ActivismBrooklynSolution Sessions

solution sessions live: history & reclamation

August 25, 2019

Saturday’s AFROPUNK Brooklyn 2019 Solution Sessions live program had an undeniable headliner. Journalist and editor Nikole Hannah Jones’ discussion of how she helmed the New York Times recent, historic “1619 Project” had the afternoon crowd at Roulette Brooklyn riveted as only an important and successful piece of creative work could. Yet it was the panels around Jones’ appearance — the ones about the prevalence of Street Harassment, the problem with Cancel Culture, and the need to tell our stories through activist media and art work — that tied together the day’s program, and showcased the beauty of what the live Solution Sessions are all about.

Jones’ 1619 Project, which commemorated the 400th anniversary of the arrival of enslaved Africans to North America, is that very rare thing: a mass newspaper publishing hit. The August 16th issue of the New York Times Magazine has now been reprinted, bootlegged and instantly added to Black studies departments. (In what was among Jones’s best one-liners, she said that using her own money to print extra copies and hand them out in her neighborhood made her feel like “the Master P of journalism.”)  This a project that engaged a topic America never seemed to want to deal with — the importance of Blackness to country’s founding and history — a fact that did not escape Jones, who said she had been fascinated by the date ever since learning about it in high school. “I’ve been waiting all my life to do this,” she told the audience, giving props to the paper of record and her editors for instantly getting behind the idea when she first presented it in Winter 2019. She said the project made her patriotic in a way she had never been before. “We give lie to the ideal of America, a reminder to the hypocrisy of its founding,” she said. But “we could also make [the words of the Constitution] true, to make those ideals true.”          

The early afternoon program opened With a conversation about Street Harassment (sponsored by AARP Sisters). Led by Solution Sessions podcast hosts Yves Jeffcoat and Bridget Todd, it featured #MeToo movement founder Taran Burke, the artist Tatyana Fazlalizadeh whose street-art “speaks for women in their environment,” and the singer/criminal justice activist Indigo Mateo. It is a problem that all women agreed was so prevalent that too many people in the community don’t think of it as an issue. But it was Mateo who put forward that it is a problem that needs to find a “non-carceral way” to be ended, whether through education of men or of young women. “Adults in children’s lives need to ask questions, to check in to re-socialize young people,” said Burke, discussing how older generations who’ve previously considered harassment of young women as “just the way it is.” And, Burke added, men need to do the work, which she is willing to help — to a degree: “This is a predator issue. Men need to close ranks. But I’m only willing to work with you as much as you’re willing to.” No one was co-signing a full cancel culture — unless you’re R. Kelly.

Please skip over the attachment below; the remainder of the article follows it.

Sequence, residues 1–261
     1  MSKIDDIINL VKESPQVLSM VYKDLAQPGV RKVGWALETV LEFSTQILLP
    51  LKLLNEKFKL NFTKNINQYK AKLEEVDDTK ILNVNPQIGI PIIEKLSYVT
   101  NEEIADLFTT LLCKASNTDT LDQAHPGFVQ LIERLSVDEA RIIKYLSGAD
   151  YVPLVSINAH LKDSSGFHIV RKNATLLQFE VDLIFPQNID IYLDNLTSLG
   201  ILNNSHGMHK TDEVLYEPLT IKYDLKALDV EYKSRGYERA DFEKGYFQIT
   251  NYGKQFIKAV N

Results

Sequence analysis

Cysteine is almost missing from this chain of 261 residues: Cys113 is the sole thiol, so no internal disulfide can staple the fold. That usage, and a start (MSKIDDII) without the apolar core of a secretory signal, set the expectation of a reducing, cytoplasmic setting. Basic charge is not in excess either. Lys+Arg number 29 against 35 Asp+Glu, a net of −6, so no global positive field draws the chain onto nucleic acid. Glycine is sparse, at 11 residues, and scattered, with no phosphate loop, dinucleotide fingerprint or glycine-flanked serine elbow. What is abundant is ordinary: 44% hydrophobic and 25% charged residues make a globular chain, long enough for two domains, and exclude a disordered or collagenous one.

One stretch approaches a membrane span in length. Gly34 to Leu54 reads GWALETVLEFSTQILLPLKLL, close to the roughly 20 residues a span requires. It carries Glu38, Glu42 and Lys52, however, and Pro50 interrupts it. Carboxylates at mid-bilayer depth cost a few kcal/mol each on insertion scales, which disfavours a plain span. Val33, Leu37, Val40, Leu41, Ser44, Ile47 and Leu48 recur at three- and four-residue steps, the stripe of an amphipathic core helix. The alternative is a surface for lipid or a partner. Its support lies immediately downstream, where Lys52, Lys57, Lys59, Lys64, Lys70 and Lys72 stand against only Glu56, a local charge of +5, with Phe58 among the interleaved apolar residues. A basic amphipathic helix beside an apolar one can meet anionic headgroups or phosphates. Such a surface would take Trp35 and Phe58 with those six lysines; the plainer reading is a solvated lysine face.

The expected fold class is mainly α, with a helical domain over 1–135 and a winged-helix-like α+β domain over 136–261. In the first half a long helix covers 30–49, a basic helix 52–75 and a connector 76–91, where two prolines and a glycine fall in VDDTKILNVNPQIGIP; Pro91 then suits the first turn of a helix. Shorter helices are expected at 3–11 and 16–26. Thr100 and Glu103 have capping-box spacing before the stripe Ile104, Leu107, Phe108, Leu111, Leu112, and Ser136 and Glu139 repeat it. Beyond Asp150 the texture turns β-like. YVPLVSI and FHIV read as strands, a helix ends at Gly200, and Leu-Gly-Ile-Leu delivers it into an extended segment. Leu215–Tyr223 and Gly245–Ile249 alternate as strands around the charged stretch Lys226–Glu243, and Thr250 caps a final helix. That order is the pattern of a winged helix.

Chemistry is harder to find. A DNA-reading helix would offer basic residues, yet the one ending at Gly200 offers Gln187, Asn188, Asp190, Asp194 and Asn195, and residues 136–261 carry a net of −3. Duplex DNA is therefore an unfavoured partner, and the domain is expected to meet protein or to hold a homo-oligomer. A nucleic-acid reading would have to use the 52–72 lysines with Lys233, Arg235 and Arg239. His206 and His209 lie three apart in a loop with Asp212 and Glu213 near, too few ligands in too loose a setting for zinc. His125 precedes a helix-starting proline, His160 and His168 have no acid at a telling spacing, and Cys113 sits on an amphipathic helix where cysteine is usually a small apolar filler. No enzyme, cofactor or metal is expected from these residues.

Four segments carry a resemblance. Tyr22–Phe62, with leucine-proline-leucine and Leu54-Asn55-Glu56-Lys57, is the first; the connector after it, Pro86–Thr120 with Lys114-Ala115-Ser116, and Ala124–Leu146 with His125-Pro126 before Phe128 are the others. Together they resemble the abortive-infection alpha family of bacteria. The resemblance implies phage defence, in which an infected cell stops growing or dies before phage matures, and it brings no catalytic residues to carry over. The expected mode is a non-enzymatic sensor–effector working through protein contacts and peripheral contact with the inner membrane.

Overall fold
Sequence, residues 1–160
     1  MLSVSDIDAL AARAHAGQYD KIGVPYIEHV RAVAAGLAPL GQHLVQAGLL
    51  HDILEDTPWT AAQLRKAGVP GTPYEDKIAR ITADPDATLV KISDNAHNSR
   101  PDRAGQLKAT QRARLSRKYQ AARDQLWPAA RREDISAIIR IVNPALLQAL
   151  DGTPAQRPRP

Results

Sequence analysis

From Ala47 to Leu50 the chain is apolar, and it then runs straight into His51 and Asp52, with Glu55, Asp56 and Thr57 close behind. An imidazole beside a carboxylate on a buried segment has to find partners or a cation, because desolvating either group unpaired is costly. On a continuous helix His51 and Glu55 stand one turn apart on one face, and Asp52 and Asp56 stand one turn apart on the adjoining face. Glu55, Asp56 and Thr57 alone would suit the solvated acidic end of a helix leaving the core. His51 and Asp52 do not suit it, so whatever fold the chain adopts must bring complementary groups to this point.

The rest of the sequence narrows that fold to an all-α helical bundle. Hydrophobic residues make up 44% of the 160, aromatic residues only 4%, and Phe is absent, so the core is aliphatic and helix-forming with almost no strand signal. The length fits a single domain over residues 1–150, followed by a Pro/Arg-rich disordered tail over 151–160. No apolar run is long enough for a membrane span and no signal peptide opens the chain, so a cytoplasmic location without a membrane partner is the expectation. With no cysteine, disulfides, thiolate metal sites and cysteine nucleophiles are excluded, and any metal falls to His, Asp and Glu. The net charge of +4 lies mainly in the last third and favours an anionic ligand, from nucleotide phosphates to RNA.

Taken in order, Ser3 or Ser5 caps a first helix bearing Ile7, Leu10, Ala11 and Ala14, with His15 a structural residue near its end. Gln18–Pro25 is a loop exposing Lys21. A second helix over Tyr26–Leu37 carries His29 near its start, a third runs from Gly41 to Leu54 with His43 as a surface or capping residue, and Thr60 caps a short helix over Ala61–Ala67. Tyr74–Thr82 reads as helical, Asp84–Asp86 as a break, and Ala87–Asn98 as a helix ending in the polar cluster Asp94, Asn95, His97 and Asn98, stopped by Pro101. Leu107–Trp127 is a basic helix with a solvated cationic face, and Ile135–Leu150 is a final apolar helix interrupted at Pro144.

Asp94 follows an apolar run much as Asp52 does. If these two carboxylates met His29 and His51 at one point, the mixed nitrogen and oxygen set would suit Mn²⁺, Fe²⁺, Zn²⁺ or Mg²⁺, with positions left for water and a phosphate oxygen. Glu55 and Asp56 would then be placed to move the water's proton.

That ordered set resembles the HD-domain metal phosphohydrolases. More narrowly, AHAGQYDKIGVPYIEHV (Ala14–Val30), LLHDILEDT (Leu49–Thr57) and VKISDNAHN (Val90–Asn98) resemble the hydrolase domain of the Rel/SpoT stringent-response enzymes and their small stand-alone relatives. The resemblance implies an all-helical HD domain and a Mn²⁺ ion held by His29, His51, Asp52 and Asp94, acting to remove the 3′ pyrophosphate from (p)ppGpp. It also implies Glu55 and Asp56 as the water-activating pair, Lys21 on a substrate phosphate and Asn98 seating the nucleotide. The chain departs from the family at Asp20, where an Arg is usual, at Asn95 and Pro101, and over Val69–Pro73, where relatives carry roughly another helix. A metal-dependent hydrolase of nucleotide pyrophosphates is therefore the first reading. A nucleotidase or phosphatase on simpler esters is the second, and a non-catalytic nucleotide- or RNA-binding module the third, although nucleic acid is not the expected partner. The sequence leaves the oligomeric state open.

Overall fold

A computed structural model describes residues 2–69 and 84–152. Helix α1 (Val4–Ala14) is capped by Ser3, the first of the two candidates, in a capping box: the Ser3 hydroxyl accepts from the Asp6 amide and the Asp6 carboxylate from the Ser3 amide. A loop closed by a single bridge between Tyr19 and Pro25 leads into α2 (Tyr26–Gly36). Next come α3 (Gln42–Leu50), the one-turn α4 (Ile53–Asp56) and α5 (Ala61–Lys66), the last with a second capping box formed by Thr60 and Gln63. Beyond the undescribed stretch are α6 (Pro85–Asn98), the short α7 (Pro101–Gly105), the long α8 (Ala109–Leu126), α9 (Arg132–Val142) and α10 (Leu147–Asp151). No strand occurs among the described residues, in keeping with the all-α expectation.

The problems with cancel culture were also brought forth on the panel devoted to the subject. Criminal reform activist Richie Reseda, law professor Wendy Green, the Black Lives Matter-affiliated social justice activist and storyteller Janaya ‘Future’ Khan, and Working Families Party’s Maurice Mitchell all approached the topic from many different directions. Future pointed out that modern Internet cancel culture has come together on social media around sexual violence and violent genders — but warned that this was a slippery slope, and did not account for a spectrum where victims and predators do not always take familiar form. Especially when in a post-binary world we are all trying to build in the place of the white patriarchy. It was a conversation that went into a few fascinating spaces, including the conversation about cancellation versus boycott (Reseda: “Boycott has a purpose, changing the systems; cancelling is a fuck you and individualistic”); and about social justice versus money (Future:”you can’t become a billionaire without exploiting someone, and now people are commodifying a value system”). Both of which echoed the previous night’s talk by former Black Panther Party chairperson, Elaine Brown. And when the question was raised of whether there’s a line to be drawn, Mitchell was pretty clear: “fascism.” So, the fascists and predators…yes, cancel the fuck out of them.

The session closed with a conversation about how to tell our own activist stories through art and media (sponsored by Al-Jazeera). Writers Mychal Denzel Smith, Joel L. Daniels and Charise Frazier, joined artist Gianni Lee and educator/activist Jamira Burley to discuss representation of the complexity of African-American identities and how an activist take on storytelling in various mediums can move forward. What are the new ways of sharing Black truths? As a Black woman journalist, Frazier echoed the words Nikole Hannah-Jones saying that the objectivity taught in journalism schools is impossible, as, in this environment, it is a white construct. And all the panelists agreed that the notions of community needed to be central storytelling. But even there, not all communities are absolute. Mychal Denzel Smith was realistic for this community’s standards, which can be simultaneously personal and shared: “None of us are doing right, but there’s a role for everyone to play. No one is not absolved, but if you are community-based, there are ways to critique everyone, and everyone contributes in their own way.”